WHEN a bubbly from England's South Downs in County Sussex won the title of World's Best Sparkling Wine at the International Wine & Spirit Competition in 2005, screams of horror could be heard from some in Champagne across the Channel in France, while others shrugged it off as little more than an aberration.
When that same English maker won the Decanter World Wine Awards for Best Sparkling in the World in 2010 the reaction from over the water was somewhat more shocked, and last year when it yet again won the International Wine & Spirit Competition for World's Best Sparkling, it had some of the men of Champagne literally gagging on their Gauloises'.
And yet the man behind those English successes has no winemaking lineage and is actually a one-time computer company owner who, with his wife, dumped the city rat-race in the early 1990s to take up a new life in the country making bubbly wine and enjoying the fruits of their labours with family and friends.
And Mike and Chris Roberts, together with their family who now work alongside them, never dreamed of what they'd one day achieve. "We didn't believe it at first," Mike says of their first win in 2005. "Even after they'd sent me the confirmation, I rang the organisers four times to make really sure they had the right winner!"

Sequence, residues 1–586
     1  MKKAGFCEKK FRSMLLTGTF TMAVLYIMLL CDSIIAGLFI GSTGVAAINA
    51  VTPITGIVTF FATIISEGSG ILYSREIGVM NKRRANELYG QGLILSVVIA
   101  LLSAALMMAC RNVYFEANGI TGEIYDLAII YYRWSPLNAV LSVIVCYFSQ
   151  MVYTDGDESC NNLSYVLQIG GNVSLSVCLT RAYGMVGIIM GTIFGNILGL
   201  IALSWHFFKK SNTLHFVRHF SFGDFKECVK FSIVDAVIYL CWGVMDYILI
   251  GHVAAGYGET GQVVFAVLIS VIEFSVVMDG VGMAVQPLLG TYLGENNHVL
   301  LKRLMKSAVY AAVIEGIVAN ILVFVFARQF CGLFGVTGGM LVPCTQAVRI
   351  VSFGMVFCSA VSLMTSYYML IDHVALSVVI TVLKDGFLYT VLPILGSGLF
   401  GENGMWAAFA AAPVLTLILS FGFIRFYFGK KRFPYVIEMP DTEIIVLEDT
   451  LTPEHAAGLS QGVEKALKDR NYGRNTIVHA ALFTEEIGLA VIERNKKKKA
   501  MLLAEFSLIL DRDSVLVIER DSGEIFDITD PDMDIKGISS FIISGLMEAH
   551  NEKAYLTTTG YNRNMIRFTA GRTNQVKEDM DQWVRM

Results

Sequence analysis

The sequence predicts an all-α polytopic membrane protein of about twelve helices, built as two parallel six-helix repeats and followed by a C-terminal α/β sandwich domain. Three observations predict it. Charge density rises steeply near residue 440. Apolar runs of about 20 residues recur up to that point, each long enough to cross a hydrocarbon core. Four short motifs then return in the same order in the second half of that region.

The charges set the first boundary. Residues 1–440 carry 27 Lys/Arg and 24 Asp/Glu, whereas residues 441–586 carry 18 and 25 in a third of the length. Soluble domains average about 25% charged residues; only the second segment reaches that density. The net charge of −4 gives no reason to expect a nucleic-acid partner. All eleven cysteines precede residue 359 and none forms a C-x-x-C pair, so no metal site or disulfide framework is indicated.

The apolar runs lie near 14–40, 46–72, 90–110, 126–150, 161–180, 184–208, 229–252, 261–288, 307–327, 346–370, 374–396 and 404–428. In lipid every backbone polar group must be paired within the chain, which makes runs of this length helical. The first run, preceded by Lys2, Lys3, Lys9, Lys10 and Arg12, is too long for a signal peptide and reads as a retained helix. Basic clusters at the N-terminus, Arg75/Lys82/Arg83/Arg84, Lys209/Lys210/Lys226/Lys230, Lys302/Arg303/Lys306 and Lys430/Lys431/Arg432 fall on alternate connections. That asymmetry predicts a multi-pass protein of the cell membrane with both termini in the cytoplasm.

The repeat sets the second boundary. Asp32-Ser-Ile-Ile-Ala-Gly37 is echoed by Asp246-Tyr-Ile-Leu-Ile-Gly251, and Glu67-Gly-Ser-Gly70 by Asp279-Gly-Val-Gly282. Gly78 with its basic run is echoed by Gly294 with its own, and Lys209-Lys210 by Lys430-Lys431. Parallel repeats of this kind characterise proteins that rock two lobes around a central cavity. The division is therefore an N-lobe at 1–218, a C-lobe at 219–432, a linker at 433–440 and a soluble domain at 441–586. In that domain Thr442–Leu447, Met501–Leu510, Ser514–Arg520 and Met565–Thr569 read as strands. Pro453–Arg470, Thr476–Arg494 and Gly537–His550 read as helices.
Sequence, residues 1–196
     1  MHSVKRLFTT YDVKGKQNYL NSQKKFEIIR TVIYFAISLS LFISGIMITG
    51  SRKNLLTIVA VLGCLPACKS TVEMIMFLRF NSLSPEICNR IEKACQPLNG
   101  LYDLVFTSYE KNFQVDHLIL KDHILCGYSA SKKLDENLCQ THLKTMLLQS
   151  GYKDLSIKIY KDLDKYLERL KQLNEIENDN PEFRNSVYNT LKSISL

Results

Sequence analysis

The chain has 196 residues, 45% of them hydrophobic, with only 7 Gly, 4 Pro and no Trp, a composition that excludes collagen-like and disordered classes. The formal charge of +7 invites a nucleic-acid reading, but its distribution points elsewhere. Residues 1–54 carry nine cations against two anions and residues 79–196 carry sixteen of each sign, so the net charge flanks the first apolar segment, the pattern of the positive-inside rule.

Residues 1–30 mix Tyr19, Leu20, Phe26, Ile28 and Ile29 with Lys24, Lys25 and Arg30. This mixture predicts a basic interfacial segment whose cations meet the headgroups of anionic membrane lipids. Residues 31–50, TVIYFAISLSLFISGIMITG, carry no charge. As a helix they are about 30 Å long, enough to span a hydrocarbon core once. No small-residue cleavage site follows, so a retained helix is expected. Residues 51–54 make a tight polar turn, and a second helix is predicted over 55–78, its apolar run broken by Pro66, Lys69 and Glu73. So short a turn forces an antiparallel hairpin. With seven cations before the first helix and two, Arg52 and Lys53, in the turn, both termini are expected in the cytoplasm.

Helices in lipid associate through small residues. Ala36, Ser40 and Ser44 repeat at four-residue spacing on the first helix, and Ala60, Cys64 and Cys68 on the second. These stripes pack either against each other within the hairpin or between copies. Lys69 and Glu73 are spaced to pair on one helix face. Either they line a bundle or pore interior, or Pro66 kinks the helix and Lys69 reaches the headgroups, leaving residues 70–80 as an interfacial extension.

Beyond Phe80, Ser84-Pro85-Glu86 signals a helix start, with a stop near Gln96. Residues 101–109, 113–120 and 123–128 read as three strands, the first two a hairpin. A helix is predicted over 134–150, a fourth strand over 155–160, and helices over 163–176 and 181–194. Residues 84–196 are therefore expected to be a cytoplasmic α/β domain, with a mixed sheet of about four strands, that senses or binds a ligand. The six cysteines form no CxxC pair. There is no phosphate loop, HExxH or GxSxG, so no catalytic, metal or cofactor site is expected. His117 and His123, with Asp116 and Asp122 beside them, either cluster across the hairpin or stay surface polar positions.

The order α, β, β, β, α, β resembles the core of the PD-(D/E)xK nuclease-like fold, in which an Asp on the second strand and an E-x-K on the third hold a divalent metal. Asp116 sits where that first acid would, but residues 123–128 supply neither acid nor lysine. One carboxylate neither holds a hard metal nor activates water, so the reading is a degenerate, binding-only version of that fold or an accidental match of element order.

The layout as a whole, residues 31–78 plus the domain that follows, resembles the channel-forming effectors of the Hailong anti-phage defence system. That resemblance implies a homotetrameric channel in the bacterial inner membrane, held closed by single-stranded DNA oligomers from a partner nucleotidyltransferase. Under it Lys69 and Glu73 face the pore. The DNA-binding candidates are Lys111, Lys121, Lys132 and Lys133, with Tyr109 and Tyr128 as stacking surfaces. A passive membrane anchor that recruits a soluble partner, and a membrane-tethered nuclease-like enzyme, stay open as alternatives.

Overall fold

For the Roberts their successes are just as important for England as they are for their family-owned company. Not that they are anti-French – just proudly British – and Mike admits he's got the French to thank for some of his success: Ridgeview got advice and guidance in its formative years from makers from Champagne, and planted clones of French Chardonnay, Pinot Noir and Pinot Meunier.
The wine that won England its first "Best Sparkling" award was Ridgeview's Bloomsbury 2002, and interestingly it was another Englishman, Christopher Merret who gave the world its very first sparkling wine.
That was way back in 1662 and Mr Merret in a paper for the Royal Society, described in detail how he created such a bubbly drop, summing it up his wine in somewhat British under-statement as "gay, brisk and sparkling."
Thirty years later France's Dom Perrignon on creating his first bubbly exclaimed more loudly and poetically to those around him: "I am drinking the stars!"
But it actually took another 40 years for the French to get serious about what, until the Roberts came along, has been recognised as the best bubbly in the world.
Mike Roberts attributes the success of his little Ridgeview Estate – which makes around 240,000 bottles of sparkling wines a year – to a unique geographical factor: France's Champagne region is largely renowned for the greatness of its wines because of its soil that's basically chalk layered over clay, and which extends out and under the English Channel to rise again 140km away in the South Downs of Sussex.
"We've this unique soil, we're just 11km in from the sea, our winters are mild, and our summers are dry and actually quite hot," Mike says. "It's the perfect mix for the perfect bubbly."